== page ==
Popular French Sayings
Some of the most popular sayings in French have made their way into the English language. While these phrases may not always be pronounced in the proper French manner, the spelling has most often stayed intact, and the meaning is the main reason for the phrases importation into English.
10 November 2012
Popular French Sayings
Popular French Sayings in English
Some arenas offer more French phrases than others. The French loves of food, art, and philosophy have led to many French phrases finding their way into everday English language.
Cooking and Eating
- There is actually no English phrase for Bon appétit. The French phrase is the only one used in English.
- Mangez bien, riez souvent, aimez beaucoup means: “Eat well, laugh often, love abundantly.”
- La vie est trop courte pour boire du mauvais vin, meaning: “Life is too short to drink bad wine”. This is a typical French saying, and the French do enjoy consuming moderate amounts of good wine with their meals, noon and evening alike.
- À la carte: This literally means ‘on the menu’; but its meaning has come to refer to ordering individual items from the menu instead of a fixed-price three or four course meal in a restaurant
- À la mode: In French this means ‘in style’; in English it refers to serving pie with ice cream on top
- Amuse-bouche: A bit-sized hors d’œuvre; literal translation: something amusing/pleasing to the mouth
- Au gratin: In English this means that the dish is topped with cheese, which is then melted in the oven
- Au jus: If you see a steak served ‘au jus‘ in a restaurant, it means it is served with juice/gravy/sauce
- Crème de la crème: Meaning ‘the best of the best’, this phrase literally translates to: ‘the cream of the cream’ (‘cream of the crop’)
- Haute cuisine: ‘High cooking,’ this is a compliment to the food and the chef who made it
- Hors d’œuvre: An appetizer; literal translation: outside of the masterpiece (the main course)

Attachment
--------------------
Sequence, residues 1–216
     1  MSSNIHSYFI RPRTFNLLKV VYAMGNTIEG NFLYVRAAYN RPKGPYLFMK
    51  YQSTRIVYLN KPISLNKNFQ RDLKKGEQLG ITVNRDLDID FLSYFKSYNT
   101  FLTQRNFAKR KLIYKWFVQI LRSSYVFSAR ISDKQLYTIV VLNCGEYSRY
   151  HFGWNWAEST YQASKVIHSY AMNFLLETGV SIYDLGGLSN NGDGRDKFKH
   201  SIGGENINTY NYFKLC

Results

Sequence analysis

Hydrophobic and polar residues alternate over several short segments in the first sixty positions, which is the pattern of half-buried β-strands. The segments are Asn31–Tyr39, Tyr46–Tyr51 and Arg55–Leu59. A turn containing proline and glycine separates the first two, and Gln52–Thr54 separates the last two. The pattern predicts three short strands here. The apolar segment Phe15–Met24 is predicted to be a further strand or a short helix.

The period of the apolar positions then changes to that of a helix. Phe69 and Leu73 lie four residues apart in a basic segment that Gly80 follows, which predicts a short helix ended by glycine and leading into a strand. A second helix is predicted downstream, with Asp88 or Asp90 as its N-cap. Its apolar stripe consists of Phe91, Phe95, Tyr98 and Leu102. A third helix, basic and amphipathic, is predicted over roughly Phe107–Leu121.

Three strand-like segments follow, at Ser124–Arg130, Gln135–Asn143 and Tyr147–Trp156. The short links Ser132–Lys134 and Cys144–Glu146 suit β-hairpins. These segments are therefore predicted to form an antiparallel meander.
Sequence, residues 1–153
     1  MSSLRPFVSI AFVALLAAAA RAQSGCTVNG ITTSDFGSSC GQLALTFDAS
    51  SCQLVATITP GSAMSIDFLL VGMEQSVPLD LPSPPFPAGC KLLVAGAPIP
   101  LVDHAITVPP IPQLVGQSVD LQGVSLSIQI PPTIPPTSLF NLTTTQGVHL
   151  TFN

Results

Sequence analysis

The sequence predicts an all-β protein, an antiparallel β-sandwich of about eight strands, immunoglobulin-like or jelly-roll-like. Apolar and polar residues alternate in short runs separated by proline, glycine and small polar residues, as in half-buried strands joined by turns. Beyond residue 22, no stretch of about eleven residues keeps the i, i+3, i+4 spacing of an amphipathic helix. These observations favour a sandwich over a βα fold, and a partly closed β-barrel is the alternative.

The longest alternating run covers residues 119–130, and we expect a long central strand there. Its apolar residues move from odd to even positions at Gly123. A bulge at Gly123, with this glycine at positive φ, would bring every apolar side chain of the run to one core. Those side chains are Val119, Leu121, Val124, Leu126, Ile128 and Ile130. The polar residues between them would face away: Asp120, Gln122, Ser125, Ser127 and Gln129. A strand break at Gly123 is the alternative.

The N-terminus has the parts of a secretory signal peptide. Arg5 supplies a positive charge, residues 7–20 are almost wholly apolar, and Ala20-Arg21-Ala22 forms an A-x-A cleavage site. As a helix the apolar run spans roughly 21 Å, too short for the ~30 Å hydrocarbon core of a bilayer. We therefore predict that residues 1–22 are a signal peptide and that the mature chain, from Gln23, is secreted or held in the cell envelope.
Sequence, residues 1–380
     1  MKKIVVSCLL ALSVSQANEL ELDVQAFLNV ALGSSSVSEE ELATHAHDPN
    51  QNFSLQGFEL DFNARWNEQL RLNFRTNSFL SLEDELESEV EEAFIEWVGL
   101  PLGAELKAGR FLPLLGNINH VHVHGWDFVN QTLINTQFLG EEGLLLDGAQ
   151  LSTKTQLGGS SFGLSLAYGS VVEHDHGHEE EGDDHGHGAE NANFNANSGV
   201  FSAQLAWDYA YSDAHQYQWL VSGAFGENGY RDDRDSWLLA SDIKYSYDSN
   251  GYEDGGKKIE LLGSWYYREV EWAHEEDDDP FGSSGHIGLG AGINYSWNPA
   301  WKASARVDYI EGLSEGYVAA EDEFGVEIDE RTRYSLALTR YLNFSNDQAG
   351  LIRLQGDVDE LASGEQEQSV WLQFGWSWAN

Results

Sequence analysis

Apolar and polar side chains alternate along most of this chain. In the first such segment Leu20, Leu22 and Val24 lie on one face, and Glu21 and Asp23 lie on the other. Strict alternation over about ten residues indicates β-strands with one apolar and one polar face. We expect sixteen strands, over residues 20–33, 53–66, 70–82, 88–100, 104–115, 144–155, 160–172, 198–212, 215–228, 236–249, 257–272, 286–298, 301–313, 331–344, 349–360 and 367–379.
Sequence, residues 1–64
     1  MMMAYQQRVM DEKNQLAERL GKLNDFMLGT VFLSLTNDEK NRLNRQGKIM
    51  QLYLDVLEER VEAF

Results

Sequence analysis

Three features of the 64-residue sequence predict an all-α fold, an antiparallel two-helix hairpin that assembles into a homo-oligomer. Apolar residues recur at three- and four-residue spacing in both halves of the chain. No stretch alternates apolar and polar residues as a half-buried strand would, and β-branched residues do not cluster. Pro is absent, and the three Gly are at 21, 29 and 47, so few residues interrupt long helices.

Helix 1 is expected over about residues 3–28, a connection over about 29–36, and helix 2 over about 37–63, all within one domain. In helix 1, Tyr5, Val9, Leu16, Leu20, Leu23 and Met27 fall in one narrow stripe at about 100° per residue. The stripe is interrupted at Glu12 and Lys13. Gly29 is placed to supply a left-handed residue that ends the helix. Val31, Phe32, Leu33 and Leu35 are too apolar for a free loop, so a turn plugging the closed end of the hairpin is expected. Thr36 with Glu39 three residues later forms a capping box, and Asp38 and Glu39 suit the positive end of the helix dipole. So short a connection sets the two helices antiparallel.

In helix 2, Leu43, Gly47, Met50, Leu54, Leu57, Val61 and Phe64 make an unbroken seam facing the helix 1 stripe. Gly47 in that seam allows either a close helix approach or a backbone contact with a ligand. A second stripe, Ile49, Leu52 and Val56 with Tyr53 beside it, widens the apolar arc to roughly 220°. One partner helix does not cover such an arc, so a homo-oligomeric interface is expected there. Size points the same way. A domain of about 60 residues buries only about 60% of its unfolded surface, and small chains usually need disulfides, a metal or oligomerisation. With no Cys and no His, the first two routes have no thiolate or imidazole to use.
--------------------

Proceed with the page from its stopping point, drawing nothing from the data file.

Art and Architecture
- Art nouveau: A style of the late 19th and early 20th centuries
- Avant-garde: Something that is on the cutting edge, particularly in the arts
- Avant la lettre: Something so much on the cutting edge that the new trend doesn’t have a name/term yet
- Beaux-Arts: From the period of the early 20th century
- Trompe l’œil: Something that tricks the eye
- Bon voyage: ‘Have a good trip;’ the French phrase is almost as common as its English translation
- C’est la vie: Meaning ‘that’s life,’ this phrase indicates an acceptance of circumstances as they happen to be
- Chef d’œuvre: A masterpiece
- Comme il faut: As it should be
- Déjà-vu: The experience that you may have seem the same thing before
- Entre-nous: Something that is ‘between us’
- Fait accompli: Something that is complete, irreversible
- Faux pas: A ‘false step’, this expression is used when someone deviates from the norm
- Je ne sais quoi: Signalling an essential, although un-nameable, characteristic
- Joie de vivre: Joy/happiness derived from life
- Par excellence: Quintessential
- Raison d’être: Reason for being/living
- Savoir-faire: To know what to do
Popular French Slang Phrases
Some French slang is very popular as well. While these sayings have not made their way into everyday English yet, their frequency in French is high. These are expressions that have grown into popular use, but cannot be translated literally without losing their meaning. If you enjoy modern French rock music, rap or film, you may want to learn some modern popular French sayings so that you can follow these terms.
As with all slang, idioms, and edgy sayings, use with caution, since usage depends upon context. While native French speakers know when and when not to use these expressions, these phrases may tumble out of the mouths of non-native speakers in the wrong context.
- À cran: Edgy or nervous: used to describe furtive behavior.
- À la fin: “All right already – enough,” implying the speaker is out of patience.
- Elle est bonne: “She’s hot.” Watch how you use this expression, as it has a strong sexual connotation.
- Engueuler: To tell someone off.
- Regarder en chiens de faïence: Glare at each other like you’re going to face off and fight.
- Rouler une pelle: To French kiss
- Ta gueule: “Shut up.” This is a rude way of saying be quiet, so use with caution.
- Téloche: Television, but in a derogatory way; in English it would be ‘the boob tube’ or something else to imply mindless television programs.
- Texto: To text message someone, send a text message.